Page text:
My understanding is the canons deal with what can be known.ÃƒÆ’Ã¢â‚¬Å¡Ãƒâ€š Thus why, generally, most Orthodox do
accept the opinion of the compiler of canons, St.Nikodemos the Hagiorite, that the Church can and does accept certain types of heretics and schismatics without "repeating" certain sacraments, because if something is lacking, She can "fill" that in by receiving them.ÃƒÆ’Ã¢â‚¬Å¡Ãƒâ€š OTOH, the Church can also "repeat" sacraments so administered, if necessary, precisely because the circumstances allow that wherever there is doubt, this can happen for the sake of peace.ÃƒÆ’Ã¢â‚¬Å¡Ãƒâ€š For example, if there is real doubt that someone raised Orthodox was in fact baptized properly (lack of certificates, witnesses, etc.), he can be Baptized - even if it's also quite possible this would be a "second baptism".
Generally, unless there is some serious doubt that the form was administered properly, most Orthodox Bishops outside of Greece or Jerusalem (this includes Bishops of many ethnicities and immediate loyalties, not simply Slavs) will not receive Roman Catholics and most confessional Protestants via Baptism. Though the practice differs (and the Americas there seems to be some confusion on the matter - though in Europe this is less often the case), generally Roman/Uniate Catholics, Non-Chalcedonians, etc. will be received via repentence, confession, and profession of faith - and certain Protestants (generally of the continental/confessional variety that maintain the practice of threefold baptism, even if it is by pouring) by Chrismation.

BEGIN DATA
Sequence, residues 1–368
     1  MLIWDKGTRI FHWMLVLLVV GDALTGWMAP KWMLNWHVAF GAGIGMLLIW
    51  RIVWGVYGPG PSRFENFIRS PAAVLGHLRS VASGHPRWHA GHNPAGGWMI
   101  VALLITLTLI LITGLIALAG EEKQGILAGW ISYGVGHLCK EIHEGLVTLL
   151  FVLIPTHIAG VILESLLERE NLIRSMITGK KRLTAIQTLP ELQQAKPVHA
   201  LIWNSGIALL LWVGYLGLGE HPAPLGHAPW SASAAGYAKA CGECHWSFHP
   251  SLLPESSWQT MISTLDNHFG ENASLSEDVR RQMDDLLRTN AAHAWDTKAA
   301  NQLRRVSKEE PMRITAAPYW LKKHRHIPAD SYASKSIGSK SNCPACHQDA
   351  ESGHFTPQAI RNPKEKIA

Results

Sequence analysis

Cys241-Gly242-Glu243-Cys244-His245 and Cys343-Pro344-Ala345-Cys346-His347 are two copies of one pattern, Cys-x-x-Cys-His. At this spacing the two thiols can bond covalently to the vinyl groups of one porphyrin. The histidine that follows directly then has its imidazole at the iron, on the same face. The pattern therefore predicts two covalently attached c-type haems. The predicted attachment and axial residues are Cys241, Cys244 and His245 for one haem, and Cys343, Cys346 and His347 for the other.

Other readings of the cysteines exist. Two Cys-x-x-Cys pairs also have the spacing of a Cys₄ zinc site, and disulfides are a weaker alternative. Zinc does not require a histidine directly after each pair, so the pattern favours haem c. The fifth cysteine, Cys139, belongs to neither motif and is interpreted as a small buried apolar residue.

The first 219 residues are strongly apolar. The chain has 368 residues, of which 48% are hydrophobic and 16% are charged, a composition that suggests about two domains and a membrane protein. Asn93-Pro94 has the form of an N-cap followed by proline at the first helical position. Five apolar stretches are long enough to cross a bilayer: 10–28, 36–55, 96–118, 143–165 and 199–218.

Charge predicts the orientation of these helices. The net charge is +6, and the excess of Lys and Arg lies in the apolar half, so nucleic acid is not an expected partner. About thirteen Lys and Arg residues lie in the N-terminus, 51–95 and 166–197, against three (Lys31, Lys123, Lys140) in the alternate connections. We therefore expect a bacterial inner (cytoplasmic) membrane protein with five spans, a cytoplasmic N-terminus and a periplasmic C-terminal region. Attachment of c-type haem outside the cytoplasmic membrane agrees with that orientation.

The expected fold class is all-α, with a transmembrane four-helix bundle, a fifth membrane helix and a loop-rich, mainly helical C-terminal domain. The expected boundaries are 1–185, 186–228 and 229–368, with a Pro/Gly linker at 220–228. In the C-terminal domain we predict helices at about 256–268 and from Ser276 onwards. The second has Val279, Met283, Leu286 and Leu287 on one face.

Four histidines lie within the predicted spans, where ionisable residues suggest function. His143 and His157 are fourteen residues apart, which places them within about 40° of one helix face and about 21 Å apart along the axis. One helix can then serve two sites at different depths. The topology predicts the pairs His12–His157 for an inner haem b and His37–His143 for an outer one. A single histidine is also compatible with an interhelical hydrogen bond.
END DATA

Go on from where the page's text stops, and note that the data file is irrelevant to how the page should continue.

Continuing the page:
Receiving converts from Roman Catholicism by Baptism is a complicated matter. A lot of it hinges not so much upon the fact they're separated from the canonical unity of the Church, but upon the form; pouring. The Greek answer to this was
generally that it did not count - in Greece, Mt.Athos, and the Greek Orthodox Patriarchate of Jerusalem, this is generally how it's remained. The EP did take this posture, but has reconsidered it in recent decades. I'm inclined to think the argument in favour of this practice is poor. In effect, the Greek Churches that keep this practice do not accept the old reasoning for it - since they remain in communion with the rest of the Orthodox world which do not insist that Churches need
to receive all heterodox and schismatics only
The Russians went back and forth on this for a little while, after it became common for Latins to baptize only by pouring (which you have to remember is a relatively recent thing - before that they used threefold immersion, and when this was the case, none of this was an issue). However for centuries now, it's been a very firm matter of discipline, that Roman Catholics are only received via confession (or if they haven't been Confirmed, via Chrismation.)
The only time Latin converts are received via Baptism outside of the exceptions I mentioned, is either by clergy who have problems with obedience (they think they know better than their Bishops or Synod), or
to assuage the consciences of very scupelous converts - or in some cases, when there are doubts that the convert from Catholicism was in fact given the proper form of baptism (ex. baptismal papers cannot be produced.)